Empathy in action
Toward the end of his life, the great American philosopher Richard Rorty reflected on a lifetime of academic enquiry. His conclusion was simple - "It is through sentiment and sympathy, not through rationality and universalistic moral discourse, that democratic advances take place." This statement had a shattering effect on political philosophers. Rorty was turning his back on Academe and the Enlightenment by suggesting (ironically) that philosophy was of little relevance to social progress and politics. Here was the banal pragmatism of the plebiscite - social and political progress decoupled from rationality, born of the momentary expedient and swept along by ever changing tides of public opinion.
I always rather liked the notion that sentiment and sympathy should replace the rational and scientific as the rudder that guides society. But how do we make room for sentiment, empathy and sympathy in an empirical world - a world where what matters is the stuff we can count, measure, codify, meta-analyse, evaluate and interpret in a logical, rational, scientific quest for irrefutable truths? I assert the case for Rorty because I believe that democratic progress depends upon empathy - the identification of the self with the experience of the other. I believe it is this sense of identification that engenders sentiment and that in turn elicits our sympathy and motivates our response - private, social and political. For most of us, this does not entail a deconstruction of a moral dilemma, it simply leads to irrational but highly contextualised emotional responses. I might want to help, I might want to fight - the point is I want do something, change something.
The riots of 2011 would appear to vindicate Rorty's views. When empathy is completely absent the void is quickly filled with antipathy, intolerance and hatred - often expressed through violence. So, perhaps we should be trying to bring people into situations where empathy can be generated - maybe we can start to effect social and democratic progress through some form of 'empathy action.'
How can we generate empathy ? For Rorty, great literature could do it. For me it takes a bit more. I have been developing a methodology - a non empirical mechanism for generating empathy, sympathy and compassion. It starts from the recognition of difference, the identification of the other. Keeping it simple - I am not blind and I do not know what it like to be blind. I don't think about it much, it does not affect me. This is true of many, but not all. Those affected, their families, those who provide services - all have greater empathy, sympathy, knowledge and understanding. My methodology brings these people together to share and capture their insights and experiences. This is not a needs analysis because it views the participants as assets - they have the knowledge, wisdom, insight. We explore the individual narratives, highlighting the good things - the positives as well as the challenges. These conversations are captured, on tape, in words - verbatim. By repeating the conversations with different participants common themes and shared experiences emerge. Not only that - I change too. My empathy and understanding increases as the process unfolds. By the end of the sessions a set of common themes have emerged. The themes are turned into questions that are then used by a film crew to undertake documentary interviews with participants drawn from the focus group.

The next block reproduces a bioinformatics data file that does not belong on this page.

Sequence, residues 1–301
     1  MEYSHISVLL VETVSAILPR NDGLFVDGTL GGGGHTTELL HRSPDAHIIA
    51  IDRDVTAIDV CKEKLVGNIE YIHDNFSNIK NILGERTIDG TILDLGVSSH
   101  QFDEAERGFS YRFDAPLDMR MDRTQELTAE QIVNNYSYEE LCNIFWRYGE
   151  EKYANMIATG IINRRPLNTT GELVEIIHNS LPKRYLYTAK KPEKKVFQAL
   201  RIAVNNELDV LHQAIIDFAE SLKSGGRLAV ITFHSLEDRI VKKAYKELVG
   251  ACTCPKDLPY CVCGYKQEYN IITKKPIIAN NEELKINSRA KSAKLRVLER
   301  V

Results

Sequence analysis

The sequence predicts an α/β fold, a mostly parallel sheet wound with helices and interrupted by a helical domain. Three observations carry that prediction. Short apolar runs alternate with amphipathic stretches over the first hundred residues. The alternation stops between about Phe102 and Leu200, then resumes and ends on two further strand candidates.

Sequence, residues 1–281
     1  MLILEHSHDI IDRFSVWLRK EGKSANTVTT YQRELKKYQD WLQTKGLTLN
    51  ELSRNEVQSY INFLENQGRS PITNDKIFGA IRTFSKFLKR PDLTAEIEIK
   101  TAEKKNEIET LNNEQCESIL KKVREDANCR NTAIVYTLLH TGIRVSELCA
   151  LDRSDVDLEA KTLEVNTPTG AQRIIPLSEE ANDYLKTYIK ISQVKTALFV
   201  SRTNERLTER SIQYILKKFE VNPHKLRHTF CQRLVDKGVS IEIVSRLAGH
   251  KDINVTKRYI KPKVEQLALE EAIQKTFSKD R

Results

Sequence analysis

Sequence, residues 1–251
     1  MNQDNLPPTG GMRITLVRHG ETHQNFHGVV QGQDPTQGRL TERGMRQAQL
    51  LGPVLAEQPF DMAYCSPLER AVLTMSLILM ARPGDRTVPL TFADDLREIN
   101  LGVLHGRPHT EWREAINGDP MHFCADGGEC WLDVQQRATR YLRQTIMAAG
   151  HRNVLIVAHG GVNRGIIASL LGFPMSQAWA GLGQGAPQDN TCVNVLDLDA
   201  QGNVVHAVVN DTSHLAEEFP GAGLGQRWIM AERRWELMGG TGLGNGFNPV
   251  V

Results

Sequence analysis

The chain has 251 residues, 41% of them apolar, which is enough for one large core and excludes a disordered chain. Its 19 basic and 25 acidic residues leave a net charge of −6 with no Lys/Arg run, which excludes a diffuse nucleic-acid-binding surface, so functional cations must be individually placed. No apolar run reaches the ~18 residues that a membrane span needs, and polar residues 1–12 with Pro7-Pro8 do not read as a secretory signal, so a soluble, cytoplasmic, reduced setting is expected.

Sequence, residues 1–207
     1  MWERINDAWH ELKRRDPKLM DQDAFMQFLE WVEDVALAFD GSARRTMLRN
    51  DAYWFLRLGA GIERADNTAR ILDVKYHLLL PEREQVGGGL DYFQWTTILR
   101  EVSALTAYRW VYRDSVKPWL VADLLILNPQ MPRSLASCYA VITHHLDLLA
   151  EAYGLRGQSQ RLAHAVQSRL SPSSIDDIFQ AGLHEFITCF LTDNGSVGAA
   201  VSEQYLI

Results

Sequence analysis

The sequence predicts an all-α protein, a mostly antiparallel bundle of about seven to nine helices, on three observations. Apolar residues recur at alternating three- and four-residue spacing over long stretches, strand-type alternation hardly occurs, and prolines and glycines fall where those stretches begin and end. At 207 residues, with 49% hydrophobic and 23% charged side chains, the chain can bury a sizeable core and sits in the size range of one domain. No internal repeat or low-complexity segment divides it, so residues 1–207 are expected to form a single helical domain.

The films feature histories, experiences, narratives recorded in everyday settings - often powerful, often very moving. The skill of the film maker is to let the people tell their own stories, in their own words, in their own places. The films by themselves have an impact - they stick with you. The experience cannot be unlearned. The films are also used to share the empathy - on tv, in schools, with service providers, with decision makers, with politicians.
The films are powerful, but when used as part of a facilitated empathy action workshop they become an instrument of social change. By using challenging quotes from the film written on prompt cards participants are invited to reflect and discuss how the issue may be turned into a positive outcome - the 'win-sum' game. The workshop leads to positive action and it is also a powerful learning experience for everyone involved.
I am lucky to work with an extraordinary team of people in Wiltshire. The Council, elected members, partner agencies, local people and a fantastic film crew. Together we are delivering 12 films featuring people who either do not or cannot engage in civic life through traditional structures. Often these people are misrepresented and marginalised. We are working with: army wives, gypsy and travelling families, stroke survivors, people with learning difficulties, unemployed youngsters, polish migrants, older people living in residential care, people living with dementia, blind and partially sighted people, rural families on low incomes, boaters and residents living on a social housing estate in Salisbury.
The first film is in the can and it is truly something very special - something that far exceeds even our most optimistic of expectations. Click the link to watch the first film we made with Army wives.
Of course, it will take more than a few films to change the world. But I remain convinced that this is an idea that can make a difference. Maybe, somewhere out there in the afterlife, old Rorty is grinning at my naivety.